ICARE

The ICARE Thematic Center was created in 2003 by CNES, CNRS, the Nord-Pas-De-Calais Regional Council, and the University of Lille, to provide various services to support the research community in fields related to atmospheric research, such as aerosols, clouds, radiation, water cycle, and their interactions. ICARE's initial emphasis is the production and distribution of remote sensing data derived from Earth observation missions from CNES, NASA, and EUMETSAT. One of ICARE's main components is the Data and Services Center, located at the University of Lille, which develops science algorithms and production codes, building on the expertise from various partner Science Computing Facilities, and distributes products to the users community.

HIGHLIGHTS


1st circular
3rd International A-Train Symposium
4-6 March 2015, Southern California


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The A-Train is now celebrating its 8th anniversary. The 3rd International A-Train Symposium will be an opportunity to learn more about A-Train scientific breakthroughs and to highlight how Earth science has benefitted from multi-sensor data and the growing length of the data records. The 3rd Symposium follows on previous A-Train Symposia held in Lille, France in 2007 and in New Orleans in 2010. The Symposium will provide a forum for exchanging information on the latest scientific advancements made possible by multi-sensor measurements.




December 2013: Innovative atmospheric products
over 8 years of PARASOL observations


Time series of aerosol optical thickness observed by
PARASOL. Photo credit: CNES/LOA/LSCE/ICARE.

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During its life span of 9 years in orbit, the PARASOL mission provided 8 years and 7 months of global aerosol and cloud observations from mid-March 2005 to mid-October 2013 (see also the previous highlight on PARASOL). PARASOL was within the A-Train constellation during nearly 5 years, providing observations coincident with other instruments.

The scientific outcome of the mission fulfills and even exceeds the original objectives of the mission. PARASOL contributed to global characterization of aerosol and cloud radiative and microphysical properties. The image on the left (Click here for the full resolution image) shows global seasonal averages of aerosol optical thickness. Many other climatologies of aerosols, clouds, water vapor, and earth radiation budget have been produced and are publicly available (see PARASOL gallery). Moreover, the good quality of the measurements and innovative inversion methods led to unique science products. Thanks to polarization, it is possible to get the size of the droplets at the top of the clouds or information on aerosols even over bright surfaces. Also, the combination of POLDER observations with other observations from the constellation, such as the lidar and/or the radar, led to new parameters not envisioned at first, e.g. the macro-physical properties of clouds (altitude and geometrical thickness) or the presence and the quantization of aerosol plumes over cloudy areas.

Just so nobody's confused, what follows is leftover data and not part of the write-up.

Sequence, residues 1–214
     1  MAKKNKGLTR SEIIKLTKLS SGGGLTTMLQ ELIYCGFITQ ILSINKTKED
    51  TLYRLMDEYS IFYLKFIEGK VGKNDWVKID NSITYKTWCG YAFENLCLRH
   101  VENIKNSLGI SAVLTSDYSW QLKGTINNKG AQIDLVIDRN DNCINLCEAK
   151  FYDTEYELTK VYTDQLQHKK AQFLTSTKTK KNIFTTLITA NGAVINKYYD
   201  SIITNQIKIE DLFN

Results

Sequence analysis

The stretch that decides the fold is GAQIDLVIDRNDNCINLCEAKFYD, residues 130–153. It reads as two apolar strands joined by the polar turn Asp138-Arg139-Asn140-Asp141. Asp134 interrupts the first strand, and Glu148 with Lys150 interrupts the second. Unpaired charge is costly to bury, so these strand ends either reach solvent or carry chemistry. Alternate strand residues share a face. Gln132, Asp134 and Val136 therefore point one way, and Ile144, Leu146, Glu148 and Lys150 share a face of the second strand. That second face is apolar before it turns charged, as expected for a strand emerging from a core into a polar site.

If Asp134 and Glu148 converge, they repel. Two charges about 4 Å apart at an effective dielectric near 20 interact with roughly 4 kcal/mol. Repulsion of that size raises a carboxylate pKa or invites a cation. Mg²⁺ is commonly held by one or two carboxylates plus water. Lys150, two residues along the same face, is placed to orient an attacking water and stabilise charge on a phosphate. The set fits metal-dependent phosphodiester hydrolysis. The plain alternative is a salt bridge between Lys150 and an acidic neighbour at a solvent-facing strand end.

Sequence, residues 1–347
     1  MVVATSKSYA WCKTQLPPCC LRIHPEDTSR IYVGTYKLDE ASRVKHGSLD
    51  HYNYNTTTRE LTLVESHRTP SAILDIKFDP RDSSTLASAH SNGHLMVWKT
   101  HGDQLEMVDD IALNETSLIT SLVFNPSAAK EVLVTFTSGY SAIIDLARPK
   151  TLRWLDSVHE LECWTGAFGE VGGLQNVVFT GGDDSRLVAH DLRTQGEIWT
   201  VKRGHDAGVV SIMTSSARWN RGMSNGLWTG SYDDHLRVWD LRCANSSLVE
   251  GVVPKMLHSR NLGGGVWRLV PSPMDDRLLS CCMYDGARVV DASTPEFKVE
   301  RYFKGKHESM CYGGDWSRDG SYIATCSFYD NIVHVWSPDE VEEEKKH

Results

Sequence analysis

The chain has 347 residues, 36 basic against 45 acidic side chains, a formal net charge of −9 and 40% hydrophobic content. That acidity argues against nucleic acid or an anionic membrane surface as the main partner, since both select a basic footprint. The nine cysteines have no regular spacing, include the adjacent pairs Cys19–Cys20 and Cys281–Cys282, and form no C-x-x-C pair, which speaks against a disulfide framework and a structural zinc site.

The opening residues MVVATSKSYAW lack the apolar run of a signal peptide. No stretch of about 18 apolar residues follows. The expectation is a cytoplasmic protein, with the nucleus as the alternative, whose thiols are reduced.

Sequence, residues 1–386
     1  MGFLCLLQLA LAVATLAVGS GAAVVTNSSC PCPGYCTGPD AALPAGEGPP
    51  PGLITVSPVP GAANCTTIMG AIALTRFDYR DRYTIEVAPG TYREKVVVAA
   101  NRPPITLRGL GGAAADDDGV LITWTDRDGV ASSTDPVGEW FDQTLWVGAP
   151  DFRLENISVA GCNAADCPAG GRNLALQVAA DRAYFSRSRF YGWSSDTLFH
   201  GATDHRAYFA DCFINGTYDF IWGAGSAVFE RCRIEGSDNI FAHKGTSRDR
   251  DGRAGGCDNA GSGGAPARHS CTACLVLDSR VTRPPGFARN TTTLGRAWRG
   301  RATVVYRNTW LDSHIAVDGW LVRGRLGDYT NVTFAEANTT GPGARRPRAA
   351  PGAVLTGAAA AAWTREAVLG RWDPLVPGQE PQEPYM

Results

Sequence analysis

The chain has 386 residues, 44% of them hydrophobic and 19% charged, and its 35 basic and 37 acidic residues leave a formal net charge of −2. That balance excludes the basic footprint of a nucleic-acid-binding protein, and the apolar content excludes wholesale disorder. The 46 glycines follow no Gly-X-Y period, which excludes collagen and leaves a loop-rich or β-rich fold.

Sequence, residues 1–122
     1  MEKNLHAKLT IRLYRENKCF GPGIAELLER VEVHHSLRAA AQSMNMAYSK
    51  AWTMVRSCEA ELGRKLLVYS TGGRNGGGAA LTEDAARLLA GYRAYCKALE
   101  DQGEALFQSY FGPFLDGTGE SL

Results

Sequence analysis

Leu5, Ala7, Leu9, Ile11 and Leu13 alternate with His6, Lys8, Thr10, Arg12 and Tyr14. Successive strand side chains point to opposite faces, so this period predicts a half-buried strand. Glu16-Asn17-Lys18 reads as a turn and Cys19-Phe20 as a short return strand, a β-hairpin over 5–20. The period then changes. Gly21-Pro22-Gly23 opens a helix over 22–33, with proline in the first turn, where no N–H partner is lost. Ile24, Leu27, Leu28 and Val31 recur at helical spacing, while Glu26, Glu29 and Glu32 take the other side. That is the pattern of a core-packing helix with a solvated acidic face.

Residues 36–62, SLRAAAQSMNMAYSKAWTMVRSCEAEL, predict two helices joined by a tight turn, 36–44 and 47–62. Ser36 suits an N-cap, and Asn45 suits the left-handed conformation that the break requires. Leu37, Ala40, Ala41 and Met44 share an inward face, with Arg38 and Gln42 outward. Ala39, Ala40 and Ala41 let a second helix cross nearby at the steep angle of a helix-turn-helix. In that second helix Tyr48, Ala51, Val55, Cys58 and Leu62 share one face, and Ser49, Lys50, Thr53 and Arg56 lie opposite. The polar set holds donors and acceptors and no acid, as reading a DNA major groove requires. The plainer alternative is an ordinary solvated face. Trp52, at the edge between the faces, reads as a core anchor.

The scientists are pursuing the improvement of the science algorithms using PARASOL data alone or combined with other data sets.

The full archive of PARASOL observations will be reprocessed in 2014 and the latest version of all products will be available at the ICARE Data and Services Center.




December 2013: The PARASOL mission ended
after more than 8 years of service


The last PARASOL images in natural and polarized light
above the Kamchatka Peninsula. Photo credit: CNES.

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These images are the last taken by PARASOL in natural (left) and polarized light (right) above the Kamchatka Peninsula. Click here for the full resolution image.

The PARASOL mission ended on December 18, 2013, exactly 9 years after it was launched on December 18, 2004. The PARASOL scientific mission started on March 12, 2005 after a 3-month commissioning phase. In December 2009, PARASOL left the A-train orbit but kept acquiring observations in science mode while slowly drifting toward later overpass times. The science mission ended on October 11, 2013, when the decommissioning phase begun. The satellite was shut down permanently on December 18, 2013.

The PARASOL mission is a success in demonstrating the usefulness of directional polarized measurements. Scientists now have to be patient and wait several years for polarization or directional measurements, until the 3MI mission onboard EPS-SG takes over.

The full archive of PARASOL observations will be reprocessed in 2014 and the latest version of all products will be available at the ICARE Data and Services Center.


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